Background: Conventional group-based outpatient cardiac rehabilitation through monitoring and center-based approaches for patients in the recovery phase has shown strong evidence for the prevention of cardiovascular diseases. However, there are some cases in which maintaining attendance of center-based cardiac rehabilitation is difficult.
Objective: This study aims to ascertain the safety and efficacy of remote cardiac rehabilitation (RCR) in the recovery phase in patients with cardiovascular disease.
Methods: Patients satisfying the study criteria will be recruited from multiple institutions (approximately 30) across Japan. In total, 75 patients (approximately 2 or 3 patients from each institution) are proposed to be recruited. Patients enrolled in the RCR group will be lent devices necessary for RCR (including calibrated ergometers and tablets). Patients will perform anaerobic exercise at home using ergometer for 30-40 minutes at least 3 times weekly. During exercise, an instructor will monitor the patient in real time (using interactive video tools and monitoring tools for various vital data). Moreover, educational instructions will be given 3 times weekly using e-learning methods.
Results: The primary endpoint is the peak oxygen uptake 2-3 months from the start of exercise or 6-min walk test. The extracted data will be compared between RCR patients and controls without RCR.
Conclusions: The establishment of the system of RCR proposed in this study will lead to the development of more extensive applications, which have been insufficient through conventional interventions.
Trial Registration: University Hospital Medical Information Network—Clinical Trials Registry UMIN–CTR UMIN000042942; https://upload.umin.ac.jp/cgi-open-bin/ctr_e/ctr_view.cgi?recptno=R000048983
International Registered Report Identifier (IRRID): DERR1-10.2196/30725
Conventional group-based outpatient cardiac rehabilitation through monitoring and center-based approaches for patients in the recovery phase has shown strong evidence for the prevention of cardiovascular diseases [- ]. However, maintaining attendance during center-based cardiac rehabilitation is difficult with certain patients because of the distance from their home to rehabilitation sites [ - ]. Poor program adherence is a major issue because the benefits of center-based rehabilitation depend on exercise frequency to a certain extent [ ]. Moreover, because of the spread of COVID-19, this form of medical care is expected to present cluster infection–related risks. Thus, nationwide restrictions have been placed on outpatient cardiac rehabilitation (OCR) for patients with cardiovascular diseases in the recovery and maintenance phases [ - ]. Consequently, treatment for patients with high-risk cardiovascular diseases has become insufficient [ ]. The suspension of OCR is expected to increase the instances of rehospitalization of patients with acute myocardial infarction and heart failure. Thus, developing alternative modalities to OCR is an urgent challenge. In recent years, reports on the possibility of remote cardiac rehabilitation (RCR) have been filed sporadically overseas [ - ]. RCR consists of health care delivery similar to that of OCR, which corresponds to monitoring during exercise, education, nutritional counseling, and psychological support via telephone and digital platforms. These include the use of artificial intelligence (AI), the Internet of Things, and e-learning technologies in monitoring the vital signs of patients staying at home, simultaneously ensuring levels of safety comparable with those of in-person monitoring by specialists [ , ]. However, since only a few reports have been available, conclusive data on the benefits of RCR are lacking. This study aims to ascertain the safety and efficacy of RCR in the recovery phase among patients with cardiovascular disease. The establishment of the system proposed in this paper will not only help patients transition from OCR to home-based care but also lead to the development of more extensive applications. In fact, the results of this study might provide some suggestions to consider more efficient ways in continued rehabilitation and disease control in the maintenance stage, which have been insufficient with conventional interventions.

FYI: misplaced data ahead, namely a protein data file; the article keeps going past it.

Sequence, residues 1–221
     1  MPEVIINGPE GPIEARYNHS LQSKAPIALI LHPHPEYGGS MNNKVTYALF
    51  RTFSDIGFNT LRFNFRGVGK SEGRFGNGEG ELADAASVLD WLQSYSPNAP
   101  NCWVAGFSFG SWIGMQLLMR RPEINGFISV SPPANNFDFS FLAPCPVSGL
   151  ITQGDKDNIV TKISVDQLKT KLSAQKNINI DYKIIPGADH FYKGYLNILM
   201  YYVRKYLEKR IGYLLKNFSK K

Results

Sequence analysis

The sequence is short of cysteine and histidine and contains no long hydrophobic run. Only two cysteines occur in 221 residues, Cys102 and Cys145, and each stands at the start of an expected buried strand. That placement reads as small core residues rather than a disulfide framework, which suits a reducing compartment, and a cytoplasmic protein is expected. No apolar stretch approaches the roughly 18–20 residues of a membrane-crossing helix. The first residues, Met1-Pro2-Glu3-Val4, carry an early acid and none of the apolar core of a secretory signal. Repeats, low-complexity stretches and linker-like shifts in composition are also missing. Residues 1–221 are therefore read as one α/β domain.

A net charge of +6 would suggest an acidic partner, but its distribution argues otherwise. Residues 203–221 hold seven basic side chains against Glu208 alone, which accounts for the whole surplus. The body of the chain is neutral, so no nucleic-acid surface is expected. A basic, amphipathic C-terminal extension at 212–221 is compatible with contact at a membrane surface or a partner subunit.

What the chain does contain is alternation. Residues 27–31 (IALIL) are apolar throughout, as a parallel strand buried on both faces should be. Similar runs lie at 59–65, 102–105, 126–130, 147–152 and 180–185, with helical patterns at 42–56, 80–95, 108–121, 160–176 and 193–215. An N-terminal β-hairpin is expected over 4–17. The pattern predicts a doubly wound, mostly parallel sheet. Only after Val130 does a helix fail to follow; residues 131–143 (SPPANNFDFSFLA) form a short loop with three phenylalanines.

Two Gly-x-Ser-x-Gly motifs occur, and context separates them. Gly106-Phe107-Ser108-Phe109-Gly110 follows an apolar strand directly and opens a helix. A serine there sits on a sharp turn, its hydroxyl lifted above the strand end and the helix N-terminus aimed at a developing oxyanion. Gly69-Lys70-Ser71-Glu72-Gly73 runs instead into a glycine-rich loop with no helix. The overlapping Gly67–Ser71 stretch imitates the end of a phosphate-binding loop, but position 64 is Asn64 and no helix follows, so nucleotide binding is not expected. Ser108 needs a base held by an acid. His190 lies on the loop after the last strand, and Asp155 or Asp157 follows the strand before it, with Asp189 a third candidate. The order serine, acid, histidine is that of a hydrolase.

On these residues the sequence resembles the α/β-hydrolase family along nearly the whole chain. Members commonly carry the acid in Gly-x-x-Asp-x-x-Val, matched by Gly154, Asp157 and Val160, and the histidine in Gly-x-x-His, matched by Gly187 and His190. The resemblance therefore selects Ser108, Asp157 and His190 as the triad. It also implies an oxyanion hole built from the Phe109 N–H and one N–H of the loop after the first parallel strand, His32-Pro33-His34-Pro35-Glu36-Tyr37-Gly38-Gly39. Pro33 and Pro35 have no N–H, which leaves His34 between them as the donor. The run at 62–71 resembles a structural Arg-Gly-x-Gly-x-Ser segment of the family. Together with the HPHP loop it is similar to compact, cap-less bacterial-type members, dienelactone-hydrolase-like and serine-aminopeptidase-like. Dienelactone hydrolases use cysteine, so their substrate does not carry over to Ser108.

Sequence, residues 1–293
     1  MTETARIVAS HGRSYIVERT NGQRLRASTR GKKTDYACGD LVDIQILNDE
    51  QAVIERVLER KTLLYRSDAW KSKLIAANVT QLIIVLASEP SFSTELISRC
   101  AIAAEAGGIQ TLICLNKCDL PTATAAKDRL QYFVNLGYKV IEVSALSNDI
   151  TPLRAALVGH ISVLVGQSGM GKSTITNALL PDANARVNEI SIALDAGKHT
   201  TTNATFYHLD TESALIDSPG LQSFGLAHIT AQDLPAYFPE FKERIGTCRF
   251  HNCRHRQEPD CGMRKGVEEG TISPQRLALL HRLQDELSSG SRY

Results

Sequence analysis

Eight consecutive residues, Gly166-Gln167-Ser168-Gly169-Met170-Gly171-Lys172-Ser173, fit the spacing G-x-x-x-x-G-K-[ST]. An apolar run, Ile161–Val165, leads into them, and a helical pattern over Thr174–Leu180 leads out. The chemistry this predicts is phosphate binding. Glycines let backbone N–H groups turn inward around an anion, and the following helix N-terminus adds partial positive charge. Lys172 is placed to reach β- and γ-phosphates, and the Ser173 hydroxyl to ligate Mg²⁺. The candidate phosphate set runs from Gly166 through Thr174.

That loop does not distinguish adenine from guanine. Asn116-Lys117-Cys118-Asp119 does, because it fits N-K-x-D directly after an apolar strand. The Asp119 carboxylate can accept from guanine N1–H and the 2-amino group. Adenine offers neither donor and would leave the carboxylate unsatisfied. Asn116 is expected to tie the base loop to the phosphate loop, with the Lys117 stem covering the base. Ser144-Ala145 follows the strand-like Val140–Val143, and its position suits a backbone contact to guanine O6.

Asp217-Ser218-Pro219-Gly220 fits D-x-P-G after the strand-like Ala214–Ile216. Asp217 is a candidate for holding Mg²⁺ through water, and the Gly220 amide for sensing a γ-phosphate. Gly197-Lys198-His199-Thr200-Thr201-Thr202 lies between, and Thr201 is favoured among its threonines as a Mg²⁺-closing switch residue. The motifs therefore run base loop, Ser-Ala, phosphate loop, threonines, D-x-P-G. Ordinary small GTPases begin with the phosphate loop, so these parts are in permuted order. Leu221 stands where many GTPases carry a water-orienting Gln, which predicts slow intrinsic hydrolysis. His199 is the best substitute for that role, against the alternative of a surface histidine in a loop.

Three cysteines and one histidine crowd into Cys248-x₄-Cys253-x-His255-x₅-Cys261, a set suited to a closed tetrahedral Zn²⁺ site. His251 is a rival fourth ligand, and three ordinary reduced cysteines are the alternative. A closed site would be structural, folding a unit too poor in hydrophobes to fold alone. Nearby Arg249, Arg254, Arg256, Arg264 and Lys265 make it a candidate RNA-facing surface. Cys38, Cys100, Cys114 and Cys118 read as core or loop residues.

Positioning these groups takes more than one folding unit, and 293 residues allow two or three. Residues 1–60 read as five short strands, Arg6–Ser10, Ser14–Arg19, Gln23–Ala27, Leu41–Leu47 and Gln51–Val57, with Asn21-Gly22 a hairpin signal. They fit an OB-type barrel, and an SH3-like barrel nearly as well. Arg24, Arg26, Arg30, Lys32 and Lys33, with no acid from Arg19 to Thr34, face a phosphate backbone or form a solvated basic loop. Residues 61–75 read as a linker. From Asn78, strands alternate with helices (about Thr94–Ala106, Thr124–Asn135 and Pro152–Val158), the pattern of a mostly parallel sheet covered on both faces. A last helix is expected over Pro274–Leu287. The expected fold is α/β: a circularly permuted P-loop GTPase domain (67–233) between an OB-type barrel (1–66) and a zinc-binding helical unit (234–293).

Selection of Patients for the Study
Patients satisfying the following criteria will be recruited from multiple institutions (approximately 30) certified by the Japanese Association of Cardiac Rehabilitation across Japan: (1) patients who are recommended by the attending physician to continue postdischarge cardiac rehabilitation following in-hospital treatment for diseases indicated for cardiac rehabilitation (including ischemic cardiac disease, heart failure, aortic disease, postcardiac surgeries, and peripheral arterial disease) and (2) patients who voluntarily consent to participate in this study with a complete understanding of thorough explanations provided. Conversely, the exclusion criteria are as follows: (1) patients aged under 20 years; (2) those who are deemed unsuitable to participate in this study by the attending physician; (3) those with complications contraindicated for exercise or with high exercise-induced risks (including highly advanced valve stenosis, serious heart failure equivalent to New York Heart Association [NYHA] classification IV, at risk of serious arrhythmia [including ventricular tachycardia], and serious renal/hepatic disease); (4) those with an implanted defibrillator or ventricular assist device; (5) those with reduced cognitive function; (6) those at a terminal disease stage; (7) those at term pregnancy; and (8) those who are determined by a researcher at each institution to be unable to safely undergo RCR (eg, patients living alone). In total, 75 patients (approximately 2 or 3 patients from each institution) are proposed to be recruited. Patient recruitment started in January 2021 and proceeded through March 2021. The study timeline is described in.
This study aims to enroll approximately 75 patients introduced to RCR and compare them with patients who received OCR for the same duration as that for a historical control group. The criteria for the control group are as follows: (1) patients who are recommended by the attending physician that they continue postdischarge rehabilitation following in-hospital treatment for diseases indicated for cardiac rehabilitation and (2) those who took cardiopulmonary exercise testing or a 6-min walk test at 2-3 months after discharge.